Red-Letter Saturday #1 – “Medal of Honor”
On this day, July 12, 1862, the United States Congress authorized the Medal of Honor, which is its highest military honor. It is awarded for personal acts of valor above and beyond the call of duty. It was created early in the American Civil War, and to this date, it has been awarded 3,469 times. More than half of them were presented for actions during the four years of the Civil War.
I have never served my country in a military capacity. My father was a World War II veteran, with the rank of sergeant in the United States Army. It was a subject that he didn’t talk about very often, so to tell you the truth, I don’t know that much about his military career. But it was the first time that I was made aware of the military forces.
The next time I remember being aware of the military was during the Vietnam conflict. Who could forget that? My older sister was dating a young man who was drafted into the military, and I remember how she used to cry herself to sleep each night, worrying that he might never return after being shipped overseas. I was old enough then to realize that soldiers who went off to war sometimes never came back and I discovered exactly why they didn’t come back. I also remember how shocked I was when I first found out why they didn’t come back. I think I lost part of my childhood then.
Fast forward to September 11, 2001, to that fateful day when the twin towers came crashing down, when our world fell apart. We were forced into a new war – a war on terrorism – a war that is still raging on to this very day. We have young soldiers still stationed overseas fighting for our freedom, our rights, our very lives.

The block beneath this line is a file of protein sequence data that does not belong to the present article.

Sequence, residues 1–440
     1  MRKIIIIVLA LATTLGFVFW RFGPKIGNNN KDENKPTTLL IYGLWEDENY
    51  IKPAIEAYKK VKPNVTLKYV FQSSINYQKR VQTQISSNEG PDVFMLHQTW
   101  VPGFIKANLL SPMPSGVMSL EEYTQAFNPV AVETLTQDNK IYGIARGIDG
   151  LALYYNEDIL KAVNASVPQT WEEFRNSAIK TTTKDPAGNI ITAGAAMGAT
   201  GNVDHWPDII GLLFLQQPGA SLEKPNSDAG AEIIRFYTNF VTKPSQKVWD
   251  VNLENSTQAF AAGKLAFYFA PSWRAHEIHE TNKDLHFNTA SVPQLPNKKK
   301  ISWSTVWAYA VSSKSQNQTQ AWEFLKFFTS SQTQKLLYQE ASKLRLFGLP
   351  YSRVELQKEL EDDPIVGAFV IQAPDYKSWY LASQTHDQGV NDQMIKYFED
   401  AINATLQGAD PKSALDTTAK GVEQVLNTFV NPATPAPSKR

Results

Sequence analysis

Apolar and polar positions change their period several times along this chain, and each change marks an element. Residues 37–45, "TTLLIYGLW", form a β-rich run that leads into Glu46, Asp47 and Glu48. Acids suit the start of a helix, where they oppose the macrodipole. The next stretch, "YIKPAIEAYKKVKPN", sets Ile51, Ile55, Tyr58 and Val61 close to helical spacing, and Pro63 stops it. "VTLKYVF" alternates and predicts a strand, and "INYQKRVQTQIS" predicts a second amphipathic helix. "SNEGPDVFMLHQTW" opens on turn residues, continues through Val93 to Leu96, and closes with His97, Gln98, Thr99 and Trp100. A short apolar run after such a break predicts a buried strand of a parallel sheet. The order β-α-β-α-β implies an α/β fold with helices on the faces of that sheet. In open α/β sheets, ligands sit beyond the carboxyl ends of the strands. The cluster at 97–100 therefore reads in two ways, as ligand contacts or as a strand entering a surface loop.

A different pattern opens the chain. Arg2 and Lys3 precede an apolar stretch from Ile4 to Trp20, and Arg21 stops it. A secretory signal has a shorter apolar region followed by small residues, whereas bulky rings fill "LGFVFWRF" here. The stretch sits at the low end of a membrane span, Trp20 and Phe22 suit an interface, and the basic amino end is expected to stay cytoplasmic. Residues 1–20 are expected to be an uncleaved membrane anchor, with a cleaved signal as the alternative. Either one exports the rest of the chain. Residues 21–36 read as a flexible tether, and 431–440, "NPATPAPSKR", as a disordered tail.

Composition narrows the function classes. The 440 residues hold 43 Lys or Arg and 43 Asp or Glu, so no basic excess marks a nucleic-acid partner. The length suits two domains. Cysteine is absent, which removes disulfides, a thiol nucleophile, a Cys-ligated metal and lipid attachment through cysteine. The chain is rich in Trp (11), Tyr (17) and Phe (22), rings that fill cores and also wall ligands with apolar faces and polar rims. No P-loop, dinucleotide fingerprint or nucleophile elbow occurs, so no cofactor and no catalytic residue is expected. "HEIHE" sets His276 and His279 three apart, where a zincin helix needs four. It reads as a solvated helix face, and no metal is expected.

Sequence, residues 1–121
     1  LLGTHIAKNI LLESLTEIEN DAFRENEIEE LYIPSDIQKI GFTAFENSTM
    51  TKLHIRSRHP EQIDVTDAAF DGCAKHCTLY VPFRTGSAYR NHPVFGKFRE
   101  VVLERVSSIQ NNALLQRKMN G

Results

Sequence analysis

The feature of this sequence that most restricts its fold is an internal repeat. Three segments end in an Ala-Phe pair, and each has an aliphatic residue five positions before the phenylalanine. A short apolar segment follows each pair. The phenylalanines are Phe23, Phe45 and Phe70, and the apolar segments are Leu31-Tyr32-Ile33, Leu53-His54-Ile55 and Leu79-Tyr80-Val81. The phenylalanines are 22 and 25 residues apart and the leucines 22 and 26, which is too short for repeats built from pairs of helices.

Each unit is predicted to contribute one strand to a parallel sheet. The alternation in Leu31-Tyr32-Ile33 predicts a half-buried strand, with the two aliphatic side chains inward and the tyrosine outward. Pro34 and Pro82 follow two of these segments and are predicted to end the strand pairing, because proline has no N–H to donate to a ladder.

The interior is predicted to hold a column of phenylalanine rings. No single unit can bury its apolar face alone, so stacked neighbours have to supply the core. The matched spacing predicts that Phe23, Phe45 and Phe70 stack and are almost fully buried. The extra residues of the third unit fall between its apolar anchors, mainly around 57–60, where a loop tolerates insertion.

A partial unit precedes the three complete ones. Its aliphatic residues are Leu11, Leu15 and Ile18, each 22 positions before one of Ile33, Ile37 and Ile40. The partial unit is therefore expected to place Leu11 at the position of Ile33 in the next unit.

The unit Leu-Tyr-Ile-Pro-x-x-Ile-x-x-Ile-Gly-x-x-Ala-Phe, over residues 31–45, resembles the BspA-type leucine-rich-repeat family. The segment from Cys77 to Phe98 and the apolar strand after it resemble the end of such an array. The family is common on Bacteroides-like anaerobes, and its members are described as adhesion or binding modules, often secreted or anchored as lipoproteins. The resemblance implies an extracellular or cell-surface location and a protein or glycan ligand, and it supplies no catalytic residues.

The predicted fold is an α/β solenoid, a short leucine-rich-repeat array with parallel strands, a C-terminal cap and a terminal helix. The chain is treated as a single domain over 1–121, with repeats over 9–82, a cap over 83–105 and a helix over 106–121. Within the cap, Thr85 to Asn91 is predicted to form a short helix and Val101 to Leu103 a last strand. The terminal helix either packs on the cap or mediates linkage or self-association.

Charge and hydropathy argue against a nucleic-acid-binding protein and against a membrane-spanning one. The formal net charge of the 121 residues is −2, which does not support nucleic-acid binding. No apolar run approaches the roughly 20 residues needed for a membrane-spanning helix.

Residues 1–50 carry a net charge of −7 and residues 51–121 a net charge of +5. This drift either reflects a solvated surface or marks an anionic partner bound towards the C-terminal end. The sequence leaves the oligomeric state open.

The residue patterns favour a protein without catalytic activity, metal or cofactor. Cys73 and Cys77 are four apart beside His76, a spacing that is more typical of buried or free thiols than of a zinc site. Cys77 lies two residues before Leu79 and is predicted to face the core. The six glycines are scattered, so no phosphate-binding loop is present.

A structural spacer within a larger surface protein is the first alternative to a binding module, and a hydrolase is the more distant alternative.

These young men and women who fight for our country do so that we may live the way that we want to live. They do so that we may be free to do the things that we want to do, say the things that we want to say, act the way that we want to act, be what we want to be. I am certain that it is no walk in the park. I am certain that it is one of the most difficult things they’ve ever had to do. They are away from everything that they love – their families, their friends, their homes, their jobs – they give it all up to serve their country because they have a strong conviction. They believe it is their duty to defend their country.
And it takes courage. I cannot imagine what it must be like to have bullets flying around you or worrying about being blown up in a mine field. I don’t know if I’d have what it takes. In my opinion, I think every soldier should receive a medal. But to go above and beyond the call of duty? Oh, yes. That absolutely deserves some sort of recognition. And I think that the title, Medal of Honor, is perfect, because we should definitely pay honor to a person who risks their life in this manner, without any regard whatsoever for their own.
And so, today, I would like to thank and salute all the men and women who have served in the military to preserve the freedoms which we hold so dear. I think they are all honorable.
QUOTE OF THE DAY: “To be a soldier one needs that special gene, that extra something, that enables a person to jump into one on one combat, something, after all, that is unimaginable to most of us, as we are simply not brave enough.” ~ Rupert Everett
This post is presented as part of my special weekly feature, Red-Letter Saturday. If you’d like to to know more information about Red-Letter Saturday, simply click on the image.